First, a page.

It was still unprofitable, however -- losing 224 million pounds in 2010. Northern Rock Asset Management Plc, the so-called bad bank, was saddled with 50 billion pounds of its predecessor’s debt.
In November, the government sold the good bank to Virgin Money Holdings U.K. Ltd., Branson’s financial services company, for 747 million pounds in cash and 150 million pounds in convertible debt.
The price Branson paid is about 400 million pounds less than what the British government spent in January 2010 to bail out the bank -- leading opposition politicians to complain that the deal shortchanged taxpayers.
It may be easier to break into Buckingham Palace than to become a major force in British retail banking.
For two decades, the industry has been dominated by the Big Five: Barclays Plc, HSBC Holdings Plc, Lloyds Banking Group Plc, Royal Bank of Scotland Group Plc and Santander U.K. Plc, which was Abbey National Plc until Madrid-based Banco Santander SA purchased it in 2004.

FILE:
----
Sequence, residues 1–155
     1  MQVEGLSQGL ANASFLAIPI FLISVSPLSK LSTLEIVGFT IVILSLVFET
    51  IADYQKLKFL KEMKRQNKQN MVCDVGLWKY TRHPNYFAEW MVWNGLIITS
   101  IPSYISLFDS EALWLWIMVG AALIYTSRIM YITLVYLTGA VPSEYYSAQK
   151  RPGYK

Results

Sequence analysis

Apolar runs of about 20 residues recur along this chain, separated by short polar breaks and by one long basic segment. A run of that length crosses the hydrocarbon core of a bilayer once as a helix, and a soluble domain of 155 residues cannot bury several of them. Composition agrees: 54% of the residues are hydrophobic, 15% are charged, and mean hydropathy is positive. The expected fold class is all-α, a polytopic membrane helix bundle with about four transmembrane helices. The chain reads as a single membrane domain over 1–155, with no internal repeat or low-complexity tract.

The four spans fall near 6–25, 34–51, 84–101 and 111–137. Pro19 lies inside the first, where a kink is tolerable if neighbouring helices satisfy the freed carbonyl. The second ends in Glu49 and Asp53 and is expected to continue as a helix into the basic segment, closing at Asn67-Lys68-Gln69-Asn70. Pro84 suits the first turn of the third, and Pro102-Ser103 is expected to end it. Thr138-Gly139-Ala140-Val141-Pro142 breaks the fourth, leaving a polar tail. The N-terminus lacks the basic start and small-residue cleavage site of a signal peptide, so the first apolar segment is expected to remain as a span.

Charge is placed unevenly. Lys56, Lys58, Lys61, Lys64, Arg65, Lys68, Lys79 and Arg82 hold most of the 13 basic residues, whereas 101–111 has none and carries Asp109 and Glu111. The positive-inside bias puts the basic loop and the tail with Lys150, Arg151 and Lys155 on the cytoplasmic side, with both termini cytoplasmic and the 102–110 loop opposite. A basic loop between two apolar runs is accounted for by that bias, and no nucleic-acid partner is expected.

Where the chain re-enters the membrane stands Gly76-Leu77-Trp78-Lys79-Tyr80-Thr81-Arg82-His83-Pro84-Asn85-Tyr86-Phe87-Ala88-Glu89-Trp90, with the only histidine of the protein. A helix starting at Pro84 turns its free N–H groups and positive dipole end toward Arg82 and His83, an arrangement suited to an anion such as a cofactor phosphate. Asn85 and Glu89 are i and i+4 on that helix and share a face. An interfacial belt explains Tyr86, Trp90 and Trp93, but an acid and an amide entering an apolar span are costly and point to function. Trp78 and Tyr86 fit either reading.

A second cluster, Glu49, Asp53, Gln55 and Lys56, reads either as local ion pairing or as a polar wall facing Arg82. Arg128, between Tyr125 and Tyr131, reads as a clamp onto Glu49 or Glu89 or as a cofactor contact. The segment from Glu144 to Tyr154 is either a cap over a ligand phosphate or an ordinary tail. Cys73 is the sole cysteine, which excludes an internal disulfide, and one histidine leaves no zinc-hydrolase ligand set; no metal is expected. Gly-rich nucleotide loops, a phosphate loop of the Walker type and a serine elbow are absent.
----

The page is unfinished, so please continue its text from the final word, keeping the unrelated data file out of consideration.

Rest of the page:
They control almost 80 percent of personal checking accounts, 71 percent of mortgage lending and about 60 percent of savings accounts, according to the U.K.’s Independent Commission on Banking.
Now, the question is whether Branson can reorder British banking in the way his Virgin brand has disrupted industries from music to airlines to mobile phones.
“We will be a very formidable player,” Branson says during an interview at the former Northern Rock headquarters in the Newcastle suburb of Gosforth.
Branson’s move into banking comes as the industry faces massive regulatory changes and consolidation in the U.K. and throughout Europe.